Some year back while passing through a remote village in J&K, I happened to go past a primary school. A group of small children was prancing around and a teacher perched on a plastic chair was looking after them. I was happy to see that even under the terrorist threat to close down all schools this teacher was bravely performing his noble task. Terrorists had burned down many school buildings in those days; these buildings, like most of other houses in this cold mountain region, are wooden structures and were very prone to fire. It was, therefore, quite easy for terrorists to show their strength with a simple matchstick; the end result was a beautifully school building going up in flame in minutes, leaving only a speck of ash. Many children from far off villages would trudge along steep ridge routes and over precarious bridges on deep nallahs to reach their school only to find only some patches of black burnt earth left; almost nothing left of the benches where some of them had so laboriously carved their names with small implements from their geometry boxes. There would be tears in their eyes and horrified look on their faces. The body language of their parents would show the deep anguish in their heart but they would never utter a word, lest their true emotions got exposed and someone in the crowd took it upon himself to tell the terrorists, that so and so was not happy with their act of violence.
It was against the background of such sentiments and thoughts that I stopped to ask the young teacher as to how the school was being run under such difficult circumstances. As we sat down side by side, he revealed tome the horrible truth that he was in fact, only a Matric pass and was sitting in for the actual teacher who was a government employee; the actual teacher stayed in some far off place and had sublet the job to him for Rs 1000/- per month. “The government teacher comes to the school only once in six months,” he said. He told me that terrorists also visited his village regularly and stayed on for a few days in one house or the other but since they ate and slept in his village and because he earned only a paltry sum by his vocation, they were considerate enough to let things be as they were. He had enrolled many children from nearby villages who never came to school but were listed in his register to maintain the viability of the institution and make it eligible for other benefits from the government. This story of fake teachers and fake students is definitely not an isolated one, it is happening all over the region.
As we talked, I asked him how the people of the village catered for their daily needs since the nearest road was 10 km away and a small foot track full of loose stones and pebbles was the only means of communication available. He said that the villagers would climb up to their hutments carrying heavy loads on their backs. He told me that repair and reconstruction of the tracks is done on paper quite regularly. He also told me that fair price shops located at small townships never fully distribute the items; only a small quantity reaches a few influential people in the village; the balance is sold at market price to the very people for whom it was originally meant. This is the manner in which funds get waylaid by some corrupt officials in connivance with the contractors.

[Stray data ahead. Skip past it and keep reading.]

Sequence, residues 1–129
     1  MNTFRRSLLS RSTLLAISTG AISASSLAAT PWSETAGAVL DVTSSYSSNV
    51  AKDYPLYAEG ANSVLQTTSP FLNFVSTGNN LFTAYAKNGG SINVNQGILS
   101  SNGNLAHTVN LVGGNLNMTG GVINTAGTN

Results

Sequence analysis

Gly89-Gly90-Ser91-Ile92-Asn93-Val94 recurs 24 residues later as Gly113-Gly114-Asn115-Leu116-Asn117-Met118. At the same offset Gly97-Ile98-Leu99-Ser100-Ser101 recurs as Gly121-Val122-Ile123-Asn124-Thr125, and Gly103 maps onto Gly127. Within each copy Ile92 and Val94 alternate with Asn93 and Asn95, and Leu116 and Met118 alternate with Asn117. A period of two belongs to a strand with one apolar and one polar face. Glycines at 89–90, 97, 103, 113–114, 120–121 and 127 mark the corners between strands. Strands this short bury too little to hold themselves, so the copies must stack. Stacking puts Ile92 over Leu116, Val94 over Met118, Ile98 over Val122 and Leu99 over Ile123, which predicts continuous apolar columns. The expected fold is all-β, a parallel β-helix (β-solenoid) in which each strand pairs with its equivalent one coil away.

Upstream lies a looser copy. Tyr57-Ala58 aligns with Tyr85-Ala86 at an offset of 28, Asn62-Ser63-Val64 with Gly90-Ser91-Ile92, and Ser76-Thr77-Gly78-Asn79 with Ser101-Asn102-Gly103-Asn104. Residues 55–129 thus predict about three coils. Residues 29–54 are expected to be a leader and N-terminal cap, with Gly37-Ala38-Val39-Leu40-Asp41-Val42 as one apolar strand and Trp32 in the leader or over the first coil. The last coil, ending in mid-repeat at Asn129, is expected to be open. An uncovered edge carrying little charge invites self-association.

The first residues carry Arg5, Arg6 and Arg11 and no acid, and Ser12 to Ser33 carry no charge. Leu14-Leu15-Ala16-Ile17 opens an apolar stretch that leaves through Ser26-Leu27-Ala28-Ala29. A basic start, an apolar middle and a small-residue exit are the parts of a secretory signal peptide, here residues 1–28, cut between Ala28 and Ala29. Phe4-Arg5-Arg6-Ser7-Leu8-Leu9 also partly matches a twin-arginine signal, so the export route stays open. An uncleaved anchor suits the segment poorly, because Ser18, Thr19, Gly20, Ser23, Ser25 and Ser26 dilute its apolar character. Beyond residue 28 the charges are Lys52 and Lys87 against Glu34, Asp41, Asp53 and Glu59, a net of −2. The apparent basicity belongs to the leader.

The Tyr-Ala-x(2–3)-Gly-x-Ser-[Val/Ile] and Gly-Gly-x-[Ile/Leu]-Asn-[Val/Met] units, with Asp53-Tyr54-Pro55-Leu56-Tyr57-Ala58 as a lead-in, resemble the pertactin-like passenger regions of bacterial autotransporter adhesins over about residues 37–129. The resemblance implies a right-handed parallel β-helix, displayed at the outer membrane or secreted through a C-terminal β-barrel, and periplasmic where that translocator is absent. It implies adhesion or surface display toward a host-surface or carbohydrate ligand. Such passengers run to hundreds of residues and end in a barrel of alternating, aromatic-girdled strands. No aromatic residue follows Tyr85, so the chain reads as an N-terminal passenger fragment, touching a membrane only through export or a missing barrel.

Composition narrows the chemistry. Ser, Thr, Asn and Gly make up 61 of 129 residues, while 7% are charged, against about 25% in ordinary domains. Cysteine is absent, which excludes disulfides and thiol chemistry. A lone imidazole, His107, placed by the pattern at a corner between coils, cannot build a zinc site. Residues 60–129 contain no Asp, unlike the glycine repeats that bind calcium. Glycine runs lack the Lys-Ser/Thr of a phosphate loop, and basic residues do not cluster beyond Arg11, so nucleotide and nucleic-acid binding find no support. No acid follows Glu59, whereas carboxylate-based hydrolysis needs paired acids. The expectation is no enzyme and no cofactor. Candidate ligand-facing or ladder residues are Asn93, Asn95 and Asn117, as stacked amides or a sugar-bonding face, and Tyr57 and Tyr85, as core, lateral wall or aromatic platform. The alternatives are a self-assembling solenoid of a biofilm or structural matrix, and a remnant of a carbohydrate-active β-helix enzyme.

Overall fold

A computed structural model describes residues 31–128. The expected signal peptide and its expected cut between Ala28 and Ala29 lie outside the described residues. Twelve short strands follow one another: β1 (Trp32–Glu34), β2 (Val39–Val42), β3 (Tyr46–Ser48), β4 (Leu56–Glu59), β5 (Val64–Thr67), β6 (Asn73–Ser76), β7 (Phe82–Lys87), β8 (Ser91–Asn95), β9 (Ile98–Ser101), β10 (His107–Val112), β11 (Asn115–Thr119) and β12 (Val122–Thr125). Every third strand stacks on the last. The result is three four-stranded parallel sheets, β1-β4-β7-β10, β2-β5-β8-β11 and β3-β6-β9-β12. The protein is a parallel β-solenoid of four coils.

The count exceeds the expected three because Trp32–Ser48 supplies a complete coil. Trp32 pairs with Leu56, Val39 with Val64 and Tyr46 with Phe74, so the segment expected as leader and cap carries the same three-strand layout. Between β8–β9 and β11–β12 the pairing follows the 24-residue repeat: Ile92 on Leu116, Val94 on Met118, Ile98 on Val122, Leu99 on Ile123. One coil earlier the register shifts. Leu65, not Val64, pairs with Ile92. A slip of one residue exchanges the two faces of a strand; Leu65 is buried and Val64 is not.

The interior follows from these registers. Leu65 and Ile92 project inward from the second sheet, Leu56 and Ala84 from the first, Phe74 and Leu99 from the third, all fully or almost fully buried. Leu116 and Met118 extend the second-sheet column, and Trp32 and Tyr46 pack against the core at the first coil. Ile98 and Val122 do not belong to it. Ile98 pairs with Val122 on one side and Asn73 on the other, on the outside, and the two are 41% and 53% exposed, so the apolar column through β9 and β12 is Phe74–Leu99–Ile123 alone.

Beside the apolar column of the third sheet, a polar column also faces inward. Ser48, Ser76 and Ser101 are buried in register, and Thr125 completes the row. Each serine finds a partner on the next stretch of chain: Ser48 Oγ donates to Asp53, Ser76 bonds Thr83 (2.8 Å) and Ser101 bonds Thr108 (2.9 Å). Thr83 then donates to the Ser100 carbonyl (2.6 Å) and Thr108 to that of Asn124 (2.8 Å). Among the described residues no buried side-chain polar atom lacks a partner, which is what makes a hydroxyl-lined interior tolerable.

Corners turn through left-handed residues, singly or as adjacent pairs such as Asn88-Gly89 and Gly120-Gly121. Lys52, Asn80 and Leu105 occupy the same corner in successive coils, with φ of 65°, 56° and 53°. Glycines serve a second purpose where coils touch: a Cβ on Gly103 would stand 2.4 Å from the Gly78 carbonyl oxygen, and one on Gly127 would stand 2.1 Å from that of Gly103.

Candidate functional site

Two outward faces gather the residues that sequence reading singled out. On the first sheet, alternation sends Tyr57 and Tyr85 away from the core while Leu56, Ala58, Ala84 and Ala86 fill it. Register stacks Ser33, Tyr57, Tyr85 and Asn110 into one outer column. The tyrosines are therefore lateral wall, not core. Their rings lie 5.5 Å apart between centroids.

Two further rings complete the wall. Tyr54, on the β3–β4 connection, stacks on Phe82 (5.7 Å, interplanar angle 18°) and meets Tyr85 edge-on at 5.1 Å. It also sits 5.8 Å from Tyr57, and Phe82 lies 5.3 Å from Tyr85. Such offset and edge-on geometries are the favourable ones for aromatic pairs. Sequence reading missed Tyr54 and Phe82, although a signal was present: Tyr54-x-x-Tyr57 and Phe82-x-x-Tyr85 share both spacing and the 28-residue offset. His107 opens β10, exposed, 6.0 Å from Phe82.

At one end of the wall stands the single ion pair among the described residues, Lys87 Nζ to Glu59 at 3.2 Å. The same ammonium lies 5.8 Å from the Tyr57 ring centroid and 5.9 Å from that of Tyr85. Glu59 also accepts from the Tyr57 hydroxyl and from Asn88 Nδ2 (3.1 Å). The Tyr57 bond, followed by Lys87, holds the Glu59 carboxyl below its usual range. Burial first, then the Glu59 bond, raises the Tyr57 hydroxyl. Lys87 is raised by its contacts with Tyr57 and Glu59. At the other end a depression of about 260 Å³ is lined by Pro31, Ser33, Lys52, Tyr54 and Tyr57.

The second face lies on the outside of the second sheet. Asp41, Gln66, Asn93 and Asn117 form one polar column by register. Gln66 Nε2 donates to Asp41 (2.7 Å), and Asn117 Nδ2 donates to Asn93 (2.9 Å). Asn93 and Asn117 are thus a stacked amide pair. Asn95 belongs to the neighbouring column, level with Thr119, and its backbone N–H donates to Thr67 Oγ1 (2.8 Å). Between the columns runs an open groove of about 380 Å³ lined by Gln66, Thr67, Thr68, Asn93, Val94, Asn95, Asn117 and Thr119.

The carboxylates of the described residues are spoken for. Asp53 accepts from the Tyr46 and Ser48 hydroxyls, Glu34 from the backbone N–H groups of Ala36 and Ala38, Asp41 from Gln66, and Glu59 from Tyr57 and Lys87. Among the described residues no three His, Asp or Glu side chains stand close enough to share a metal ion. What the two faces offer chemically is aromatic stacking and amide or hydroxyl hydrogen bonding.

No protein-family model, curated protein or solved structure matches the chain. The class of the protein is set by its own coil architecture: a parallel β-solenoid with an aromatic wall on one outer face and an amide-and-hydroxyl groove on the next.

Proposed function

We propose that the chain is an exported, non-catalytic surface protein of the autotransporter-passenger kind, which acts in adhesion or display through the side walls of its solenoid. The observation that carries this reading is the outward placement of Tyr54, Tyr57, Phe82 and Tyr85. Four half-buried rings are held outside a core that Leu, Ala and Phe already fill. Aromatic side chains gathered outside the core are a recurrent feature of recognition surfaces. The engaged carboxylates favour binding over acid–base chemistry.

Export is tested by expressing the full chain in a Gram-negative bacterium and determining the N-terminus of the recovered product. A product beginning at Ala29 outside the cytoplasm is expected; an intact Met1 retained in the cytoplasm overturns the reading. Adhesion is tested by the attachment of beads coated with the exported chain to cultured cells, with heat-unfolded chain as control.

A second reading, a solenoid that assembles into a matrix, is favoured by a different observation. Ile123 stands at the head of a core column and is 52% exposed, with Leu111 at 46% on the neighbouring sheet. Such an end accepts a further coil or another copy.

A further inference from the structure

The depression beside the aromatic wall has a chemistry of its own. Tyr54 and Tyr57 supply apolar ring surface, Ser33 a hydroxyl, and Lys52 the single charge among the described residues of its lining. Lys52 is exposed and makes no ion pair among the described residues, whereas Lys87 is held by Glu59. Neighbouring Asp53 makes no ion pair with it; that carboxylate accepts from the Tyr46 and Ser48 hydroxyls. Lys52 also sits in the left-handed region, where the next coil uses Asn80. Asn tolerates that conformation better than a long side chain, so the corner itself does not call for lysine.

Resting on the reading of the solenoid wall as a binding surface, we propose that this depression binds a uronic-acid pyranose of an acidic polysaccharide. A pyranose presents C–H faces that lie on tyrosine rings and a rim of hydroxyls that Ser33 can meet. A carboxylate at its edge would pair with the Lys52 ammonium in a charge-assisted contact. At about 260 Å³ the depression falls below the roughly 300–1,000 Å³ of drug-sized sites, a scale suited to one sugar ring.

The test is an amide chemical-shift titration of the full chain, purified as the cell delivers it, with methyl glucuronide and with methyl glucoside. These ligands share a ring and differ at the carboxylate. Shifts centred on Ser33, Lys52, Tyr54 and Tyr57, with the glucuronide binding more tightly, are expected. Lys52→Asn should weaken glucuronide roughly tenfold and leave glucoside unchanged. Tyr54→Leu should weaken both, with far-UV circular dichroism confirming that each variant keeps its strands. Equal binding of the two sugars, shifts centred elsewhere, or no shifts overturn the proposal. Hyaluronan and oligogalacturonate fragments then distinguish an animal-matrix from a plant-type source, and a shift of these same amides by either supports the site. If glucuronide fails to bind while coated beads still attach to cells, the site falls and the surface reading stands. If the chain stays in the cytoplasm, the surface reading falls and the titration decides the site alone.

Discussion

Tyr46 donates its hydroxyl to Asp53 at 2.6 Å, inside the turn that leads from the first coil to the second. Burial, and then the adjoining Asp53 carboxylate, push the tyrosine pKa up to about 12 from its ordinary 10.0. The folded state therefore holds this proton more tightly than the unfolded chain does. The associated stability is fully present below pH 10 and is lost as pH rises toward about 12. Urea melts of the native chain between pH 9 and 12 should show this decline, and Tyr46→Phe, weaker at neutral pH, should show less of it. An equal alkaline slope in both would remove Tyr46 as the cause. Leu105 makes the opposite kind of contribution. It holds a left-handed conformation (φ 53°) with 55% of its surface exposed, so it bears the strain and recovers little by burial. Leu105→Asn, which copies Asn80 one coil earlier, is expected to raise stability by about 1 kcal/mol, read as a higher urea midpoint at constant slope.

In the terrorist infested region of Kashmir greed became deeply ingrained in each and every organ of the society and a general sense of helplessness prevailed everywhere. Panches and sarpanches; policemen and patwaries, teachers and all other government functionaries had become defunct and corrupt to the core. It was a worst possible scenario of administrative paralysis.
Whenever there is paralysis in the body, it becomes weak day by day and gets prone to infections. Viruses and bacteria, though miniscule in size and stature, suddenly assumes centre stage to control all the organs of the body; they play havoc, until each cell and pore of the body starts crying in pain and for help. That is what the terrorists did in those sickening days, the weak body of the state was prone to infection and they became the viruses that corrupted every organ of society. Jammu and Kashmir became a fertile ground for antisocial elements to play merry hell.
Things have changed for better; there is hope and confidence in the environment. With the evil days of blatant terrorism behind the region, mainly due to the blood spilled by the security forces, the time has come for the common man to stand up and be counted to make his life and that of his family respectable and happy. Common ordinary folks like policemen, postmen, peons, conductors, contractors, doctors, teachers and so on, must resolve to be honest in their work, duties, responsibilities and not fall prey to greed, temptations, hoarding and denying others what is rightfully theirs. This way, they we would strengthen the immune system of the society and the society in turn will not fall prey to viruses and bacteria still lurking in the social environment. Once, we have paid the price with our blood we must never forget that terrorism and anti-social elements will look towards spreading the virus of corruption at some future time and there is a need to remain vigilant against any such evil machination; neither the polluted winds from across the borders should have the capacity to make the society sick. Saying no to corruption, is a very small price we would pay for the good of own children.